Nomad Safely! By Cam Woodsum

(Cam Woodsum, guest blogger for Summit Travel Health, has gone from Silicon Valley startup life to travelling  and exploring the world as a nomad)

Having visited more than 35 countries in my lifetime and after spending the last nine months travelling through the Asia Pacific region, I have extensive experience staying safe while venturing abroad. I’ve put together a list of twelve essential tips to help you stay safe in foreign countries.

Hope you find these guidelines helpful - enjoy your travels and be careful out there!

1. Check government warnings before travelling

Before travelling to an overseas location, make sure the area you’re visiting is safe and recommended for travelers. The Canadian government is a recommended source of information and provides detailed travel advisories on its website. It should be noted that the U.S. State Department does not generally provide detailed safety warnings, and I do not recommend using it as a reference point.

2. Get recommended vaccinations before leaving

Many countries around the world require specific vaccinations in order to enter, and there’s generally good reason for it. The Canadian Government has a detailed guide on what vaccinations you should get for any country around the world. If you’re in Canada, Summit Travel Health ( has 10 locations in Toronto and Montreal and is a convenient and reliable source for your vaccination needs.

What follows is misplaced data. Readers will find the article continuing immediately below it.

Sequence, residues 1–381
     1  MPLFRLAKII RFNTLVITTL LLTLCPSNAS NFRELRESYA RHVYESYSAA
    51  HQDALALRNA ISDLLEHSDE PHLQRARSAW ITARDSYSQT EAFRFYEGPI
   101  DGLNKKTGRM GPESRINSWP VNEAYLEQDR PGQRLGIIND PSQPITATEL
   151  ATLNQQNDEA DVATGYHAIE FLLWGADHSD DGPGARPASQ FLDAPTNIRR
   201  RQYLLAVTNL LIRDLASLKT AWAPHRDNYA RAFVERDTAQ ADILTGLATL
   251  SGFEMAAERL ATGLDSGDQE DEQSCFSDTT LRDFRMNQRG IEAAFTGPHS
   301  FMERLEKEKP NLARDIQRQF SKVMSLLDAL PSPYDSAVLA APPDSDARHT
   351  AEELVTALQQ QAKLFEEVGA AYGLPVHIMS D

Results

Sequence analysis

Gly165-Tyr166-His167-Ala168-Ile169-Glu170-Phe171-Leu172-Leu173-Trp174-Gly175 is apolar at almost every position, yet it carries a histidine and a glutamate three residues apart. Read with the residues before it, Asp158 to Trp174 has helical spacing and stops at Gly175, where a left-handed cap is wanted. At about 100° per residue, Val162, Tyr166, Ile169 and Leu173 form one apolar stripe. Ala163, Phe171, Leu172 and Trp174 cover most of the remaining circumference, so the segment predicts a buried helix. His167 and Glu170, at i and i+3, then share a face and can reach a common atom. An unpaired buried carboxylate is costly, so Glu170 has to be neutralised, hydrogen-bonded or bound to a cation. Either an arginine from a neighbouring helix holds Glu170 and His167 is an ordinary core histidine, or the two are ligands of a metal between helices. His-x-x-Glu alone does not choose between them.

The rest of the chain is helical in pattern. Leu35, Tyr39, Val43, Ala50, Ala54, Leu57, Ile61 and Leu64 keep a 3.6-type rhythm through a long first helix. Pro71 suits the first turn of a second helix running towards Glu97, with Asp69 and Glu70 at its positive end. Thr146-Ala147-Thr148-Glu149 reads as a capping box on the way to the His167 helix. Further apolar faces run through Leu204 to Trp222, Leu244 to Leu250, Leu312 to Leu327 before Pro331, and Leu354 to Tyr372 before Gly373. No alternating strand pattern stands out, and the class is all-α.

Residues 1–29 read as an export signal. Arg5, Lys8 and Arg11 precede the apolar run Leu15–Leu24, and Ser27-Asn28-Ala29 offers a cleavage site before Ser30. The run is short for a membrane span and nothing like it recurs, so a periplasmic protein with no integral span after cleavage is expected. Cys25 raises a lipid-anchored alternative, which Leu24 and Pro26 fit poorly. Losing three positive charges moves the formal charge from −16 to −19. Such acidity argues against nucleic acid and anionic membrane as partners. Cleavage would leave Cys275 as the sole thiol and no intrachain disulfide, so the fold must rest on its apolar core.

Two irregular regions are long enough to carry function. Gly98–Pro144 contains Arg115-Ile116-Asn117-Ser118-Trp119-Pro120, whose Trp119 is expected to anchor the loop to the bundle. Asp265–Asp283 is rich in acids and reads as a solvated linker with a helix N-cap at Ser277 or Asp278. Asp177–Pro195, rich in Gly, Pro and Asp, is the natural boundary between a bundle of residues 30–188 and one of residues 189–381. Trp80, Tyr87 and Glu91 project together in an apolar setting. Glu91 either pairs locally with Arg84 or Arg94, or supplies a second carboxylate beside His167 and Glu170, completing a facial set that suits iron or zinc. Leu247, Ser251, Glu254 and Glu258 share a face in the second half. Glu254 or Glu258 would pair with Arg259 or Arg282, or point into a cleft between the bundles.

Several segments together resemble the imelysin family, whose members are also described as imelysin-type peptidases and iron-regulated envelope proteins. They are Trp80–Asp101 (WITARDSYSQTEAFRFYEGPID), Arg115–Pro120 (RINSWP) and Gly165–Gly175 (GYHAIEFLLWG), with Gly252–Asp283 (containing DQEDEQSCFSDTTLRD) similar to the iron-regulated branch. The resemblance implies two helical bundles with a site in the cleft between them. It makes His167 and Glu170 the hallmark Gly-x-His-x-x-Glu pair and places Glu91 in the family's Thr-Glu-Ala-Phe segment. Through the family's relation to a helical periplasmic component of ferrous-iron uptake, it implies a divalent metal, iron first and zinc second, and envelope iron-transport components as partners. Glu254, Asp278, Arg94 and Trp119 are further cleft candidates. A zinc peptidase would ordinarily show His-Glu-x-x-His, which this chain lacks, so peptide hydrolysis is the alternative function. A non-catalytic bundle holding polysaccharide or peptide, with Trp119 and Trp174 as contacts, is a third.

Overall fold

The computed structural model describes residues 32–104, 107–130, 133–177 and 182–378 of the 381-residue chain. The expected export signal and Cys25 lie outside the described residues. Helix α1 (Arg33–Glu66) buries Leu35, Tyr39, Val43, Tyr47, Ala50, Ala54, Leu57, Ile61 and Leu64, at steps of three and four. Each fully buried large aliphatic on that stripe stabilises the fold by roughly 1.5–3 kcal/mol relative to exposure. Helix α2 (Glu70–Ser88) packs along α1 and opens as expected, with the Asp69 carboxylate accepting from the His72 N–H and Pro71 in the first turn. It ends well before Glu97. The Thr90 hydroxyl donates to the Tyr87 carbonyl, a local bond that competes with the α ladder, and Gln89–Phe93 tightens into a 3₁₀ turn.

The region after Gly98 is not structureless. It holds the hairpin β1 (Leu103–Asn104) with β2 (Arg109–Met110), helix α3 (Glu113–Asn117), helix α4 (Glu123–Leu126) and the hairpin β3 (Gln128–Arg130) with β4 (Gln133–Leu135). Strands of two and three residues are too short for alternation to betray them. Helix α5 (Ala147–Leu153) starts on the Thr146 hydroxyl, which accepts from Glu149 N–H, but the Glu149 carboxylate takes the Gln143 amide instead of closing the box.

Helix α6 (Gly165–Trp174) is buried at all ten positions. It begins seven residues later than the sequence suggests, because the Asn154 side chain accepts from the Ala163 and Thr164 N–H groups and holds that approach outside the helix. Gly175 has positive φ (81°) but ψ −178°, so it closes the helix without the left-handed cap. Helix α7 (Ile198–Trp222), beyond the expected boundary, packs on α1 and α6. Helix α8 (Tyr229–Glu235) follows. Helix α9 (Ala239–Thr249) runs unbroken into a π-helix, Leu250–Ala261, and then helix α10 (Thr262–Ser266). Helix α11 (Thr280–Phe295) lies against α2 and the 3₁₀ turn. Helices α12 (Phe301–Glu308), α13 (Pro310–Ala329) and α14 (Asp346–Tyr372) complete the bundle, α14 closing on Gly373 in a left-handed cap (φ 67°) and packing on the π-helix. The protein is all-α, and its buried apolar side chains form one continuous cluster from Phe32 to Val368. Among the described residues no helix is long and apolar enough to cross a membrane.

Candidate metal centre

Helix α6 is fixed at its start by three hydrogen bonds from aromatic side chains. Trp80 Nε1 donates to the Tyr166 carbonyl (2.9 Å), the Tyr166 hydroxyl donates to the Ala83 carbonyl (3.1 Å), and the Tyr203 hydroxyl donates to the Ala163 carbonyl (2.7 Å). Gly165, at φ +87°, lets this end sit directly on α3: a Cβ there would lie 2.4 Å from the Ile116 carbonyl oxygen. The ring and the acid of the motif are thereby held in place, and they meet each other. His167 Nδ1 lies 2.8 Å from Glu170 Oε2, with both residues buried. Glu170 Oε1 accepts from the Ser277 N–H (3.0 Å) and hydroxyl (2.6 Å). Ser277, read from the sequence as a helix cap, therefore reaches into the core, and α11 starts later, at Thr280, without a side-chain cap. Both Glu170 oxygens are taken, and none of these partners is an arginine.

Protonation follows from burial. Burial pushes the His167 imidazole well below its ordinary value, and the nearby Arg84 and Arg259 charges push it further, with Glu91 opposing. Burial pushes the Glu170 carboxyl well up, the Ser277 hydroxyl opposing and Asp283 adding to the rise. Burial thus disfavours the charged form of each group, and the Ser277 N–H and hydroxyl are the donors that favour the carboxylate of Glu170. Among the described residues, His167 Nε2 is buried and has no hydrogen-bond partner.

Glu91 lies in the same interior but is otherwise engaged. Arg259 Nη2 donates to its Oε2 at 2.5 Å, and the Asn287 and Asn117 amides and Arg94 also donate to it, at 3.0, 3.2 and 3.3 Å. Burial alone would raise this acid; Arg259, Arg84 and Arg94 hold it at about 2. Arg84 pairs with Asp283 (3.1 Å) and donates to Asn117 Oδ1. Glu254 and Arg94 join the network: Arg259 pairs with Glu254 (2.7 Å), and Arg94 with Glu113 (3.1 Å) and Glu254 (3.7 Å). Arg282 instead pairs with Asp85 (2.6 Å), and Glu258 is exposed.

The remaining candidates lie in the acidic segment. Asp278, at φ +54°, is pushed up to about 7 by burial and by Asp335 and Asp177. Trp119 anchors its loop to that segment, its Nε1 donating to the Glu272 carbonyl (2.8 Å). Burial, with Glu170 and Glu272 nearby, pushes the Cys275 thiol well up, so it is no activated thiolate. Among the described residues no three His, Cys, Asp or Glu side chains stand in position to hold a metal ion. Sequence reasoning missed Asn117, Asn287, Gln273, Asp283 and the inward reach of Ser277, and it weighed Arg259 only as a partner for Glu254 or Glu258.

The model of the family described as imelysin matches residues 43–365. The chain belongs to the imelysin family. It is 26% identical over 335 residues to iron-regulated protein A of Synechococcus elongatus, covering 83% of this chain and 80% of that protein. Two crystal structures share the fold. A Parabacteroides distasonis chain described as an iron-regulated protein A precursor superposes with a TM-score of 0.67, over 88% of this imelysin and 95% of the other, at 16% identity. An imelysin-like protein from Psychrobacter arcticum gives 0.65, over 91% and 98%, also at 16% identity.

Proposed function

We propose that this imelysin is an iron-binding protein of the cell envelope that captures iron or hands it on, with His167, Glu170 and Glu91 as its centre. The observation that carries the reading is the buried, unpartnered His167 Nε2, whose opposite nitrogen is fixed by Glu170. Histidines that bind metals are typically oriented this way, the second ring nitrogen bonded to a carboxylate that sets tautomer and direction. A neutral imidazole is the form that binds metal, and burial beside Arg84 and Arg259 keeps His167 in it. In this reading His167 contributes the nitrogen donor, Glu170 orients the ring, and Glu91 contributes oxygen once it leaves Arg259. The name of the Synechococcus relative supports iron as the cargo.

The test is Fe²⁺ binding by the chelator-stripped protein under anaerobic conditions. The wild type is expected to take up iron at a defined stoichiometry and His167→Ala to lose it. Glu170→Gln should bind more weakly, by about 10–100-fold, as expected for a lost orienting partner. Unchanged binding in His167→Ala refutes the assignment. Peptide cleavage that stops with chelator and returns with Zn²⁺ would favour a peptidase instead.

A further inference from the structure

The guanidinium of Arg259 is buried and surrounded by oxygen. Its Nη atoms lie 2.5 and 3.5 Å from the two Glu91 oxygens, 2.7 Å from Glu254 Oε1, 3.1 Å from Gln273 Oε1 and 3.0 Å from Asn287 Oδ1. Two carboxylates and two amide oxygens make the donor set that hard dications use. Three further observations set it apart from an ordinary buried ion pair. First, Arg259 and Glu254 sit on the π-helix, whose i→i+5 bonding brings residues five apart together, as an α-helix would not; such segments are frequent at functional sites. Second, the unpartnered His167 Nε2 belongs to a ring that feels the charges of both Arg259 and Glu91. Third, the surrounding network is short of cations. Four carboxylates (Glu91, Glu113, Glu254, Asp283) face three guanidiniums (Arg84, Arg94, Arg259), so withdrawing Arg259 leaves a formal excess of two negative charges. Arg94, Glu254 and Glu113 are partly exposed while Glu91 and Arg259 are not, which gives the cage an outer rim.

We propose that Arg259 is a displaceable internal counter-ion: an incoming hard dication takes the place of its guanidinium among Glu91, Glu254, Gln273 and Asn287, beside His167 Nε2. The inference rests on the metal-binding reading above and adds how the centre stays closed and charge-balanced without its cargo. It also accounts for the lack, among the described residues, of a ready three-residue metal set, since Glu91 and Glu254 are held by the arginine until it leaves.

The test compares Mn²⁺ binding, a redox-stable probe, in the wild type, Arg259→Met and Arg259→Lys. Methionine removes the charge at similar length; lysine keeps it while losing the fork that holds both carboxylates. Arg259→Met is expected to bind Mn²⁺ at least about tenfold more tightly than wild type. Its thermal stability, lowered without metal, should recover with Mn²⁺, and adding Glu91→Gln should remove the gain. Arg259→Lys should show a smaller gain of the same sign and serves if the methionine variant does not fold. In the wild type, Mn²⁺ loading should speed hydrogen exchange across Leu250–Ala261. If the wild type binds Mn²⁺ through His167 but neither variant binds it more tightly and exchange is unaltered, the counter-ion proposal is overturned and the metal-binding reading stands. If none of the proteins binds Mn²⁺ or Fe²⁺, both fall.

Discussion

3. Google “Popular Local Scams in X Country” before arriving

Some countries and cities are notorious for specific scams or pickpockets. By knowing what scams to expect in a given place, you can prepare yourself and spot warning signs before anything bad happens. This is something that I do consistently, especially when I travel to a new region of the world.

4. Make sure to research whether you can drink the water

One of the easiest ways to get sick is to drink water that you shouldn’t. If you’re from a country like the U.S. or Canada, where you’re habitually used to rinsing your toothbrush with water, you need to be extra careful. A little known fact is that Steve Jobs almost died in India the year before he started Apple because he got dysentery from drinking tap water.

5. Be wary of strangers

In most Asian countries, people are not normally friendly to strangers. If someone approaches you on the street, you should be extremely wary because they probably want to sell you something or possibly scam you. Yes, there are some generally curious and harmless strangers, but it can be nearly impossible to figure out people’s motives until it’s potentially too late. It’s ok to be standoffish and it’s also okay to be friendly - just be careful and aware of your surroundings either way.

6. Try to blend in

If you attract attention with your appearance as a tourist, you’re making yourself a target. I recommend you leave jewelry, watches and other nice or flashy accessories at home - especially if you’re in a developing country. I travel with a plain looking bag and make an effort to dress in a way that doesn’t attract too much attention. It’s always better to stay under the radar if you can.

7. Don’t be afraid to say no